chopped into bite-sized chunks. Another popular way of serving
fries is with mayonnaise and ketchup together. This is called
Pommes rot-weiß or Pommes-Schranke
Hungary, Wiener Schnitzel
or other roasted meat served with green salad, as a regular Sunday
- In the Middle East, French fries are
served in pita bread with breaded chicken or falafel, along with cucumber and tomato, and
condiments such as hummus, tahini, or tzatziki.
Chile, chips are served with fried eggs, fried onions,
and a steak in a national dish called "Bistec a lo Pobre" (Poor
Netherlands, kroket and frikandel are
the most accompaniments.
Norway, Finland, and Sweden, kebab, hamburgers, and sausages.
Portugal, chips are served along with dry rice (arroz
seco), a usual combination, that is not the complete dish,
that can include grilled chicken (Piri-Piri chicken), espetada, omelette or eggs,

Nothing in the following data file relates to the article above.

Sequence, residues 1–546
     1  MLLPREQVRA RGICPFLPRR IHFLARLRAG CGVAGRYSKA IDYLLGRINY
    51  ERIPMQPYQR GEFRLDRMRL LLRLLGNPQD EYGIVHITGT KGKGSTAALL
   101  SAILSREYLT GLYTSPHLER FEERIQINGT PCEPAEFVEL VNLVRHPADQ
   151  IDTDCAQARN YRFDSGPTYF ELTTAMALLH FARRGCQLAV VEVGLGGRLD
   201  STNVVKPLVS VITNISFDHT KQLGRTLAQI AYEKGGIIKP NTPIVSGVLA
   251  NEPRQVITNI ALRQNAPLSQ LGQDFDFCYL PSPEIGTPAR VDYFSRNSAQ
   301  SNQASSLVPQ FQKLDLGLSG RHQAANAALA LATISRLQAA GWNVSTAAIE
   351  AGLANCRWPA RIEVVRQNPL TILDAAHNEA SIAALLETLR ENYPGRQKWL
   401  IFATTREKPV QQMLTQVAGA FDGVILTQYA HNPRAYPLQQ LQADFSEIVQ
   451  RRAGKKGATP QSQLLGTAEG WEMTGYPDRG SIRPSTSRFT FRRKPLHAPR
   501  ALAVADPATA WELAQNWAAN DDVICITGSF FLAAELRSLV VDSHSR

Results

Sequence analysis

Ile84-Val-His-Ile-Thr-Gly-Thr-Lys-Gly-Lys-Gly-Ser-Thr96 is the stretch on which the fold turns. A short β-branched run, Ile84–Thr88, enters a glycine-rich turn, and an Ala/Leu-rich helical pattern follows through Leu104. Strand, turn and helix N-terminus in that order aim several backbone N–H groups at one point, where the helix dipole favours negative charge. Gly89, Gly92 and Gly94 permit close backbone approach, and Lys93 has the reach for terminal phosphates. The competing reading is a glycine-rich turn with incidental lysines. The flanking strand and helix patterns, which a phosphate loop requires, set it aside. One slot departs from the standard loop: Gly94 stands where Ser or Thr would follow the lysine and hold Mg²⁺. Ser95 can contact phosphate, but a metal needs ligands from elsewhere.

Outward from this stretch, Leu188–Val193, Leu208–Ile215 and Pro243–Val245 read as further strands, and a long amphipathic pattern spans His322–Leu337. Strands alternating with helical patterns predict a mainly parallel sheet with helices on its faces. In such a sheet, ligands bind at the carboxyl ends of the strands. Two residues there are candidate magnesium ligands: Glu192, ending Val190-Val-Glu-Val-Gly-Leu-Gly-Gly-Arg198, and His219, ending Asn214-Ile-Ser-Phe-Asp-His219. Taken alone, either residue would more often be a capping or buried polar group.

beef (prego no prato), and several other dishes and
Spain, fried eggs: huevos
fritos con patatas.
Kingdom, chips are a popular staple. "Chip shop" (or
"chippies") commonly serve several dishes with chips such
as cod ("fish and
chips") and battered sausage.
British cafes, on the other hand, serve
more traditional fare, such as fried eggs (double egg and chips). Sometimes served with a
British full breakfast.
States, hamburgers: Burger and
fries, and chili and melted American cheese: Chili cheese
- In South Africa, "slap chips" are
served with a peri-peri or sweet chilli sauce with different
strengths of hotness.
Fries cooking in oil.
French fries can contain a large amount of fat
) or oils
from frying. Some researchers have suggested that
the high temperatures used for frying such dishes may have results
harmful to health (see acrylamides
the United States about ¼ of vegetables
consumed are prepared as french fries and are proposed to
contribute to widespread obesity
french fries in beef tallow
, or other animal fats adds saturated fat to the
diet. Replacing animal fats with tropical oils such as palm oil
simply substitutes one saturated fat for